Landscape Architect Kaihoahoa Whenua
Landscape architects plan, design and advise on the construction of urban, rural, residential and public landscapes. They also manage and conserve natural or heritage landscapes and public open spaces.
Landscape architects have the option of being registered with the New Zealand Institute of Landscape Architects (NZILA). Graduates can enter a NZILA mentoring programme to become a registered landscape architect after two to three years of practical work experience and passing an oral examination.
- New Zealand Institute of Landscape Architects website - information on landscape architect registration
Landscape architects may do some or all of the following:
- study sites to be developed
- develop plans, sketches and models, either by computer or hand drawn
- consult with the public about developments in their community
- work out costs for landscape projects
- develop tenders for construction projects, for example of housing and street developments, and urban parks
- oversee construction works
- advise clients on ways to restore and maintain outdoor areas
- arrange for people to construct outdoor areas
- provide landscape and visual assessments for resource consent applications.
Useful experience for landscape architects includes:
- draughting work
- work with plants and gardens
- building or landscape construction
- planning or having an understanding of the planning system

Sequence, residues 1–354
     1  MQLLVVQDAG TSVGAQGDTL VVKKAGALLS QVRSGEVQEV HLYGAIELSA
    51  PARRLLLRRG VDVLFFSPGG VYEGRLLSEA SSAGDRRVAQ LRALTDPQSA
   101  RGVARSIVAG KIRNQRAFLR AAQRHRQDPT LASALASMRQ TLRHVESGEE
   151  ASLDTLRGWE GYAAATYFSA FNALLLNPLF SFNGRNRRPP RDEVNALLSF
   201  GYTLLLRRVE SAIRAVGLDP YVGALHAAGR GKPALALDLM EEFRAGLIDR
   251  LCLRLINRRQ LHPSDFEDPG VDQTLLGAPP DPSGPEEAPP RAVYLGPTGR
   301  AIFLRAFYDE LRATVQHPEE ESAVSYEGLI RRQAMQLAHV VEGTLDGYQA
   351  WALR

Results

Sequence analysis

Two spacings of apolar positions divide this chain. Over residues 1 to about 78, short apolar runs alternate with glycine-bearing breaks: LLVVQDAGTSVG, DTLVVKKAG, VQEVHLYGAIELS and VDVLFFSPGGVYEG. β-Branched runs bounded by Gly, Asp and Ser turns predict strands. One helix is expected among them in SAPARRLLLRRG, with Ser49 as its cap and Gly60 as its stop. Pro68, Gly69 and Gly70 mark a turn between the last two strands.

- design work or courses
- accounting, budgeting or costing projects.
Landscape architects need to be:
- creative and innovative
- good communicators
- adaptable, with an eye for detail
- able to inspire confidence in clients
- able to work well under pressure.
Landscape architects need to have:
- knowledge of design principles
- excellent design and planning skills, including drawing skills
- skill using computer-aided design (CAD) and desktop publishing software
- an understanding of how people interact with their surroundings
- knowledge of plants, water processes, soils and climate
- knowledge of different construction methods and materials.
- usually work regular business hours but may sometimes have to work weekends
- work in offices or studios and on site
- work in conditions that can be noisy and dirty.
A tertiary entrance qualification is required to enter further training. Useful subjects include design and visual communication, digital technologies, education for sustainability, geography, physics, construction and mechanical technologies, and maths.
Landscape architects may progress to set up their own business, or move into management roles.
Landscape architects can specialise in a number of roles, including:
- Landscape Architectural Advisor
- Landscape architectural advisors give design advice to public service agencies and councils.
- Master Planner
- Master planners create new developments such as residential suburbs and redesigning urban environments to be more environmentally sustainable.
- Parks and Open Space Designer
- Parks and open space designers create gardens, parks, public streetscapes and playgrounds.
- Resource Management Specialist
- Resource management specialists prepare the information needed to meet council permissions for new urban and rural developments.
- Urban Landscape Designer
- Urban landscape designers create urban areas for both private and public use.
Years Of Training4 years of training required.
To become a landscape architect you need to have a Bachelor of Landscape Architecture or a Master of Landscape Architecture from one of three programmes accredited by the New Zealand Institute of Landscape Architecture (NZILA), or a relevant overseas qualification.